MiB: Brad Katsuyama of IEX (& Flash Boys)

This week, the “Masters in Business” radio podcast features Brad Katsuyama of IEX who is probably best known to the public for his role in Michael Lewis’ book Flash Boys.

In our extended podcast, Brad explains the puzzle that HFT was presenting to institutional traders: By 2007, something had changed in the market structure, but no one really knew what it was. He explains how he and his team became detectives, eventually unravelling the impact that was algo-driven High Frequency Trading.

Michael Lewis first started speaking to him on background, in order to learn more about HFT. Eventually, he figured out Katsuyama was the main character in this mystery.

We chat about his appearance on 60 Minutes, and the infamous debate on CNBC with the William “Bill” O’Brien, the CEO of BATS exchange. The NYAG forced BATS to correct O’Brien’s public misstatements; he left the firm a few months later. 

Listen to the podcast live here, on BloombergApple iTunes or SoundCloud. All of our prior podcasts are now available on iTunes.

Next week, we speak with quant Mebane Faber of Cambria Investments

Category: Podcast

10 Weekend Reads

The weekend is here! Pour yourself a steaming hot mug of Jamaican Blue Mountain, and enjoy our longer form reads: • China’s Plan for Winning the Currency Wars (Bloomberg View) • Can hipsters save the world? (The Guardian) • The crazy, true-life adventures of Norway’s most radical billionaire (Fortune) • Anatomy of a Hack: A step-by-step account of an overnight…Read More

Category: Financial Press

The Euro-Dollar Riot!

The Euro-Dollar Riot! David R. Kotok, Cumberland Advisors, March 13,2105     We open this commentary by trying to simplify a very complex trade. Think of yourself as the corporate treasurer of a midsized American company. You have your basic business activities in the United States, and you have several divisions in Europe. Over the…Read More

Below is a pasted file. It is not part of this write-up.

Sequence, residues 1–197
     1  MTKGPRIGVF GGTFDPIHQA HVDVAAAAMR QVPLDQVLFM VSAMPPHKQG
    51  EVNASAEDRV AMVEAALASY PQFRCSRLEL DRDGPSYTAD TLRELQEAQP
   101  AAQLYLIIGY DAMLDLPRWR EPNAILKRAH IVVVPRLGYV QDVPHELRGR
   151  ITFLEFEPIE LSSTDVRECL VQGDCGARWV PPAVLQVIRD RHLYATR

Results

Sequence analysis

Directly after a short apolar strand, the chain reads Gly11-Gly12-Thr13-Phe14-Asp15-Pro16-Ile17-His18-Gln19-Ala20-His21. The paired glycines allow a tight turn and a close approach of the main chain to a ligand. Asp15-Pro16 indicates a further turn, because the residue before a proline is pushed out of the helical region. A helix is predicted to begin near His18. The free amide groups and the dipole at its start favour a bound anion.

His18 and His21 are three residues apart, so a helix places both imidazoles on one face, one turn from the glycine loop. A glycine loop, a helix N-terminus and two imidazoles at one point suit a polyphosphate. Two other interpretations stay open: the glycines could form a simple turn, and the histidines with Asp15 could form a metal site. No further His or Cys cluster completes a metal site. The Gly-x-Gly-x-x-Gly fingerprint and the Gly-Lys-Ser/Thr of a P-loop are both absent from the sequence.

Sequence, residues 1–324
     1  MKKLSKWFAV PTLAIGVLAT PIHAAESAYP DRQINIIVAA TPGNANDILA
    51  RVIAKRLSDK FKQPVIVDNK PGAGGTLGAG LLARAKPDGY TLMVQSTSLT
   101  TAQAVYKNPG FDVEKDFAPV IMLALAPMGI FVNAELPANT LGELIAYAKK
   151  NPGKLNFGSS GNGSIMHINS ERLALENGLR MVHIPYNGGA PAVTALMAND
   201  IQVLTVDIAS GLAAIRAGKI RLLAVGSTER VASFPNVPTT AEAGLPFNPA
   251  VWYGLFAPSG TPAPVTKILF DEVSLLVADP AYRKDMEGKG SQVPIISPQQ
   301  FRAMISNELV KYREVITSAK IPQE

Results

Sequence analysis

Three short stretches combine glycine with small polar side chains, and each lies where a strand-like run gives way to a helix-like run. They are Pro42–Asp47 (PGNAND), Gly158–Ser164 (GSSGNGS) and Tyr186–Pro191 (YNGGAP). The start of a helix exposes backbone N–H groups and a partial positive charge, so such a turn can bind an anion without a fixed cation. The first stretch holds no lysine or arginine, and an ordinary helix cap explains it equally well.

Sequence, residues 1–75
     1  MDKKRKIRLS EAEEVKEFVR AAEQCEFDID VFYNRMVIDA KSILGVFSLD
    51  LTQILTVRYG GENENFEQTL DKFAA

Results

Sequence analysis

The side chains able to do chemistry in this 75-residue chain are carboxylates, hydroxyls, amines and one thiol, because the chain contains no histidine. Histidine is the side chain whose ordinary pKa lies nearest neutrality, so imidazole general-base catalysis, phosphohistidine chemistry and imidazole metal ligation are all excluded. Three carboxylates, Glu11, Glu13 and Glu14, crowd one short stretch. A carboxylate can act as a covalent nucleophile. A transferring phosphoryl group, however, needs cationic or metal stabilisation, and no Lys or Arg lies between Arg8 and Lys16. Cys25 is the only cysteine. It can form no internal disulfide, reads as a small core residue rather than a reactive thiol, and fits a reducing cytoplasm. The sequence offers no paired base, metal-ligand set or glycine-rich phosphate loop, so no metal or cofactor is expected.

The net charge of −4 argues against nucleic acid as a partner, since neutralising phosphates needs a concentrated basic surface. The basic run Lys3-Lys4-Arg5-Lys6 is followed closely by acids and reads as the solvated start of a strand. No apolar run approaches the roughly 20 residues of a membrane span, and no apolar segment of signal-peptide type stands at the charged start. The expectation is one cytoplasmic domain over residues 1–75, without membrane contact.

Category: Currency, Think Tank

Madonna on Howard Stern 3.11.15

Stern Show – 03.11.15 – Madonna

Category: Friday Night Jazz, Weekend

Succinct Summations of Week’s Events 3.13.15

Succinct Summations for the week ending March 13th: Positives: 1. Initial jobless claims fell to 289k vs estimates of 305k. 2. CPI in China rose 1.4% y/o/y, higher than expected. 3. NFIB small business optimism index came in at 98. 4. MBA purchase applications rose 1.9%. 5. Import prices fell 9.4% y/o/y, a win for…Read More

Category: Markets

Bonds, DST, Howard Stern & Other Randomness

Between a Tweet and a full column is a netherworld where ideas often get lost. Rather than let these tweener concepts slip through the cracks, now and again I like to gather them in one place (see, e.g., this) — if only to see if any discernible patterns emerge. Here’s my latest run of random ideas: 1. Is there a shortage of A-rated…Read More

Category: Fixed Income/Interest Rates, Humor, Investing

Art Cashin: Fed Actions In 2004 (“Patience”)

Form Strategas by way of Art Cashin of UBS:   Everything old is new again. Here’s an interesting surprise from Jason’s people at Strategas, courtesy of my good friend and remote FoF member, Alan Battles of Salt Lake City. (Fed statements 2004.) Please note the “patient” in the March statement.

Category: Federal Reserve

10 Friday AM Reads

The week is over already? How did that happen so soon! No worries, we have your artisanal morning train reads: • The Strong Dollar Is Weighing On Major U.S. Exporters (Real Time Economics) see also The Crashing Euro Is Great for American Tourists. But What About the American Economy? (Slate) • On its 1 year anniversary, Michael…Read More

Category: Financial Press

1968 Lamborghini Miura

Gorgeous car — the same goofy color as my Jeep Rubicon — but fantastic lines despite being ~47 years old.   Source: Classic Driver

Category: Weekend

Do Lower Gasoline Prices Boost Confidence?

Do Lower Gasoline Prices Boost Confidence? Aditya Aladangady and Claudia R. Sahm FEDS Notes, March 6, 2015     A gallon of gasoline currently costs one third less than it did last summer, as shown by the solid line in Figure 1. Gasoline makes up 5 percent of average family spending, so lower prices at the pump…Read More

Category: Energy, Federal Reserve, Sentiment, Think Tank